This is the time of the year when therapists get to sit back a bit and contemplate life and the universe. Most folks don’t realize this, but counseling is a bit of a seasonal endeavor. Clients tend to get occupied with holidays and vacations sometime around November and December, and then they take their leave of us again from June to July. My first few years in private practice, I was seriously biting my nails during those months, wondering what had gone awry with my marketing or clinical skills. Now, I relish these more meditative times and look forward to spending more hours on my yoga mat and in the kitchen with my kiddos making cookies. Yes, this is a truly jolly time of the year.
As we head into the holidays, I usually blog something about how to keep your wits about you when you’re in close quarters with your near and dear. I invite you to head over towards the handy dandy index of articles on the right hand side of this page if you are in need of that right now. They’re pretty good field guides if I do so say so myself. Today, however, I want to write a bit about one of my favorite topics: Kindness.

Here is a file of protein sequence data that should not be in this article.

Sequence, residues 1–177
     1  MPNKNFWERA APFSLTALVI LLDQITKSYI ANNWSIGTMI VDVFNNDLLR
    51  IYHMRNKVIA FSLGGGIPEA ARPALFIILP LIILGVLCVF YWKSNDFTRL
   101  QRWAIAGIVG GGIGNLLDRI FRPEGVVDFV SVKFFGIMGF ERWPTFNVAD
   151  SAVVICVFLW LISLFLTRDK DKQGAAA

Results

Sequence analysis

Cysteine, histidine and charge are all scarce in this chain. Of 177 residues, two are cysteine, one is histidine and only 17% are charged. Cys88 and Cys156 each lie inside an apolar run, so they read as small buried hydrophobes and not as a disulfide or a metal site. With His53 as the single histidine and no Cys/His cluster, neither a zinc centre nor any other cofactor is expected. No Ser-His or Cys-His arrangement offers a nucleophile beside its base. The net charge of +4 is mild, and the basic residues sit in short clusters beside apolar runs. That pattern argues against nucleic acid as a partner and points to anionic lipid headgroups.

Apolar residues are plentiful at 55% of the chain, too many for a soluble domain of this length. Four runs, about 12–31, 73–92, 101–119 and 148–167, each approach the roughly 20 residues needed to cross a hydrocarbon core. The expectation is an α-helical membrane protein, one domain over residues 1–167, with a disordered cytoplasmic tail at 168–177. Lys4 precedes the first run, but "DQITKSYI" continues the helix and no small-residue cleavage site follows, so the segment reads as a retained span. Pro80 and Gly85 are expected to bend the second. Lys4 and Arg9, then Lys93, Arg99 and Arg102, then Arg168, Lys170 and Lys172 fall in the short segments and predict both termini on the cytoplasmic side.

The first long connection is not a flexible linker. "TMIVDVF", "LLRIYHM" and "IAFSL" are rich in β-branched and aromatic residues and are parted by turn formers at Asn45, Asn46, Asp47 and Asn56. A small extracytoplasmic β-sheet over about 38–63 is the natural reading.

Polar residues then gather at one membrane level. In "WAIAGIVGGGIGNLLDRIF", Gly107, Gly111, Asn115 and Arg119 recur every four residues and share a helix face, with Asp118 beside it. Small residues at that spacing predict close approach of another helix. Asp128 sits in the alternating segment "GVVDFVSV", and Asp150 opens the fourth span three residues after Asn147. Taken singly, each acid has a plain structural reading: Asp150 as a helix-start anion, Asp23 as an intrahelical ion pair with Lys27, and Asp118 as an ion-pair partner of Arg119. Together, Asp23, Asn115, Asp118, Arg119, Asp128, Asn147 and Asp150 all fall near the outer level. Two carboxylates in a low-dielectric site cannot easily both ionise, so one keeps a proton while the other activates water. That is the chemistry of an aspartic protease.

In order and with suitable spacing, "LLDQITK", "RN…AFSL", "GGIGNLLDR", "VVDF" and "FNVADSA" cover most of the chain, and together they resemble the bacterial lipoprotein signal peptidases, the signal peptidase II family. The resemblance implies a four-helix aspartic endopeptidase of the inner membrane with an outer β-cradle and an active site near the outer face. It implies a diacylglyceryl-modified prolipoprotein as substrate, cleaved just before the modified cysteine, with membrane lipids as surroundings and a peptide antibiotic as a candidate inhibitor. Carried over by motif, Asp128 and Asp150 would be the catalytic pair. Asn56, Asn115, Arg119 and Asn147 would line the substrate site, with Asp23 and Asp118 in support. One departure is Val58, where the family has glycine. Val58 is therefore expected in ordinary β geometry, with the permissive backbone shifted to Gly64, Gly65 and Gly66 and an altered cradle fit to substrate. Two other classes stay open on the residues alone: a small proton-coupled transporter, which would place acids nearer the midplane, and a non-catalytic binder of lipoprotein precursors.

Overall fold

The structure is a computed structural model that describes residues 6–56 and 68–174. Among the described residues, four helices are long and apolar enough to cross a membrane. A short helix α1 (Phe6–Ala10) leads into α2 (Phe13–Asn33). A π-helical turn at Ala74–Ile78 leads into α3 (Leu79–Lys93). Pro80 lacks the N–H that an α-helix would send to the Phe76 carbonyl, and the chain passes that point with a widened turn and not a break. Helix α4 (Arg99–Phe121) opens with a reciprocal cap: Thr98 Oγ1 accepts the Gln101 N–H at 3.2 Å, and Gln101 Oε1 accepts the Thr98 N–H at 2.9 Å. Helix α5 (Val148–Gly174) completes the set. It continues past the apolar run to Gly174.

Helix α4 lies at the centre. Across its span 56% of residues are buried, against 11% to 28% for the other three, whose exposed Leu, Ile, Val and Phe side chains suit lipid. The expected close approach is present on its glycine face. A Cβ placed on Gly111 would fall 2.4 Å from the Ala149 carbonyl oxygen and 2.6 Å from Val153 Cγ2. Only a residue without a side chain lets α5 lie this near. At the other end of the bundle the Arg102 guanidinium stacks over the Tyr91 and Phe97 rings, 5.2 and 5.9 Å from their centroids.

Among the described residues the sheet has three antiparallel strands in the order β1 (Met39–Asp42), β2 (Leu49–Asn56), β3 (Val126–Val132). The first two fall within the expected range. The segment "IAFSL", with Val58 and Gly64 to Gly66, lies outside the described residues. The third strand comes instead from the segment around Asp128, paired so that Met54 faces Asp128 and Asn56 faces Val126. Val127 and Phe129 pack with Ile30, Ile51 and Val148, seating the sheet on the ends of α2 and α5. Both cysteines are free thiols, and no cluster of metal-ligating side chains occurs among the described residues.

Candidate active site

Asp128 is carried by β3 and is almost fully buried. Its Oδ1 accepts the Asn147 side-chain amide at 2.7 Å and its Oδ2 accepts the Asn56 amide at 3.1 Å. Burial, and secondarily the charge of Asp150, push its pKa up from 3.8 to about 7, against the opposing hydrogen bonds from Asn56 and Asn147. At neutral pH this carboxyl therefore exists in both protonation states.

I have a sweet friend, Deneen, who is part of the South Beach Sidewalk Project. They head all over town and leave little nuggets of goodness for the rest of us like this one. Much better than the nastygrams that are so often sprinkled into our days, right? I am of the opinion that there are not nearly enough grassroots organizations like this reminding us that we are beautiful, complex human beings. (If you want to check out the SOBE SideWalk Chalk Project you can visit their Facebook page here:https://www.facebook.com/SobeSidewalkChalkProject) I soooo think we need one of these in Raleigh. Anyone with me?